Today I’m pleased to host fellow author Beth Barany, whose new book Henrietta and the Dragon Stone (Book 2 of the Five Kingdom series) is available now. On this stop of her blog tour, Beth describes her process of world building in fantasy.
(Be sure to read to the end to find out how to win a copy of Beth’s book!)
World Building in Fantasy
by Beth Barany
I interview my characters to learn about my fantasy world. And if my main character can’t tell me what I need to know, I choose a secondary character. In fact, I interview all my characters, even the minor ones, to learn about my world. Sometimes, I’ll even invent an “off screen” character to learn about something my characters don’t know, that I think impacts my story. That’s sometimes how characters get “on screen”!
I start with the facts and lore that just flows from my subconscious, and research the rest. For example, my heroine, Henrietta the dragon slayer, was trained to be a blacksmith and sword smith. Why? Because I’m interested in those things. So I researched by visiting a blacksmith and reading about medieval sword construction and use. That was fun!
I start with a character, her goal, motivation, and conflict, and her backstory and history, then start developing the world with that material. From there, other characters and their stories start fleshing out the world. Then I look at plot, and as I develop that, I come up with more questions and answers about the world. Then, as I write and edit my book, I answer more questions still. And when my critique group partners ask me questions, then I answer those, too. I don’t sit down with the list below and fill in the blanks. Well, I tried that once, and it didn’t work for me.
Questions to Ask while World Building
Here are some of the things I ask my characters about:
- Language: Does your world have different languages? How did they evolve?
- Origin Tales: How the world came to be.
- Folklore: Maybe your characters have a strong oral story telling culture, like mine do. So I use lore as epigraphs (the poetry before each chapter), and also weave the lore into the story to form a subtle resonance on the theme.
- Family tree: Knowing this roots your character in her/his background, and can be good fodder for inner and outer conflict.
- Jobs/professions: What kind do people have? Do men and women divide work, share it? What kind of training do your characters receive, if any? How are they trained and by whom?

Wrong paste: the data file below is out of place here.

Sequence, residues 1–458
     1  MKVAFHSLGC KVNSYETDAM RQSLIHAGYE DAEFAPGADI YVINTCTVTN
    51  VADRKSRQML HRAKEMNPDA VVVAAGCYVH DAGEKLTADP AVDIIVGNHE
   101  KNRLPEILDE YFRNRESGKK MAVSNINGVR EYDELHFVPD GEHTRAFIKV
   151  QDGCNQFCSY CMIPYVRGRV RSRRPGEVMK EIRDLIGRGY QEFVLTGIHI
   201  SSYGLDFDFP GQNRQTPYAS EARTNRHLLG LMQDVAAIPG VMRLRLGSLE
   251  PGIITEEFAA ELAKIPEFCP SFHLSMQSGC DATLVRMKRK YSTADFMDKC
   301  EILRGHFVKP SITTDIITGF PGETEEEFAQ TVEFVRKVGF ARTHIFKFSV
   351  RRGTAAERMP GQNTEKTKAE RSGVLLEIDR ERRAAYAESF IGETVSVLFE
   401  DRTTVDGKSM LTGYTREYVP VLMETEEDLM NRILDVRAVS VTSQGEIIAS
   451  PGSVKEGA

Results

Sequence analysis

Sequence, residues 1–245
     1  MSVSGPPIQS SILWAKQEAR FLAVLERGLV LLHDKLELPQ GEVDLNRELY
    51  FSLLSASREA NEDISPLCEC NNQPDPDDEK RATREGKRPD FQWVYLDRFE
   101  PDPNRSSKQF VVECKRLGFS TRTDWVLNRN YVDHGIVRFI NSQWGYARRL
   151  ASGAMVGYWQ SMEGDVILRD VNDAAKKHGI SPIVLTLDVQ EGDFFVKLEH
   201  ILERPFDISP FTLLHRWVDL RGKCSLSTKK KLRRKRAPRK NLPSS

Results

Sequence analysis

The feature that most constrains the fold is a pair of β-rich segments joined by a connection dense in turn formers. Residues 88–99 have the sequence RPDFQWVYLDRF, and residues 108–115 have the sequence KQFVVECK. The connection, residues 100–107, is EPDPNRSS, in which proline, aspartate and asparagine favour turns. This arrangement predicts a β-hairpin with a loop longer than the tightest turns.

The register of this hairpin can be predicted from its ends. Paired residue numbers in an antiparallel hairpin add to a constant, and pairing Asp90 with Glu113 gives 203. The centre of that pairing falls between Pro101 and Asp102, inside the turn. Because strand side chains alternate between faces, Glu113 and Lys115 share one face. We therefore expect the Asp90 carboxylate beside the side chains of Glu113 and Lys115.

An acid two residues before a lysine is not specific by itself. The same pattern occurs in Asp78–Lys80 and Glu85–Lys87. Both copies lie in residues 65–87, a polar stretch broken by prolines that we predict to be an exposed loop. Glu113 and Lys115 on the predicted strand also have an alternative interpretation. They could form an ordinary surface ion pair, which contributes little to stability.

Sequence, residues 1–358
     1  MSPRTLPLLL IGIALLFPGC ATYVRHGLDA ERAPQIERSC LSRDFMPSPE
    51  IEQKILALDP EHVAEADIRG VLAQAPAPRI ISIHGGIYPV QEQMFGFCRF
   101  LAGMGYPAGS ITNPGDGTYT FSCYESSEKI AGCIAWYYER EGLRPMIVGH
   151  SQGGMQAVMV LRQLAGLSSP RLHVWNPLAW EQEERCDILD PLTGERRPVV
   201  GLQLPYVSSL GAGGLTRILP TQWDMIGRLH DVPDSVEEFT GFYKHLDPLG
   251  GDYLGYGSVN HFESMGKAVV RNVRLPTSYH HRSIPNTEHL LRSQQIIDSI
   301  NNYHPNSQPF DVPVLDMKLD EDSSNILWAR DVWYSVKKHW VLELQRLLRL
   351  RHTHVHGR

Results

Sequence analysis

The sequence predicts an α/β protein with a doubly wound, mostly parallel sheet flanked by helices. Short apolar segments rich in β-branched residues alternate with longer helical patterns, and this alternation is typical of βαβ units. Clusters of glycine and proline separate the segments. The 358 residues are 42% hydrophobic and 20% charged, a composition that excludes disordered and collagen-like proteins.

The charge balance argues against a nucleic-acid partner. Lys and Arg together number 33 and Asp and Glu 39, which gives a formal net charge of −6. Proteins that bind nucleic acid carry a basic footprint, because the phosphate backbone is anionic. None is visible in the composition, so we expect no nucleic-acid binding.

- Gender roles: See above; also explore people’s attitudes about gender roles.
- Clothing/Costumes: How do people dress? What do your characters wear and why? This category can also include body marking, piercings, hairstyle, standards of physical beauty, jewelry… Where does fabric come from? Who makes it?
- Weather: Does your place have four seasons? Some of my kingdoms do, some don’t. That depends on their geography.
- Flora & Fauna: How important this is will depend on your story. Since I write adventure fantasy where there is a lot of wandering and traveling, I needed to root each locale. I did that by deciding that one location would look like Sonoma County where I grew up. Another would be tropical, still another would be volcanic. So each location has a deciding feature, like the oak trees of Sonoma County, and I use that to anchor the setting.
- Food: How it’s planted/harvested/hunted/gathered; what do people eat and when; how it’s cooked. Who cooks? What’s poisonous?
- Geography: I love maps, and Orson Scott Card starts every story with a map. I don’t but as the story develops I sketch many out.
Special Blog Tour Giveaway: Grand Prize
Beth is giving away 1 signed copy of Henrietta and the Dragon Stone and 1 signed copy of Henrietta the Dragon Slayer. She will mail a copy to the winner anywhere in the world.
a Rafflecopter giveaway
Beth is also giving away e-book copies of Henrietta and the Dragon Stone at each blog tour stop—including this one!
Where to find Henrietta and the Dragon Stone:
About Beth Barany
Beth Barany writes magical tales of romance and adventure to transport readers to new worlds where anything is possible.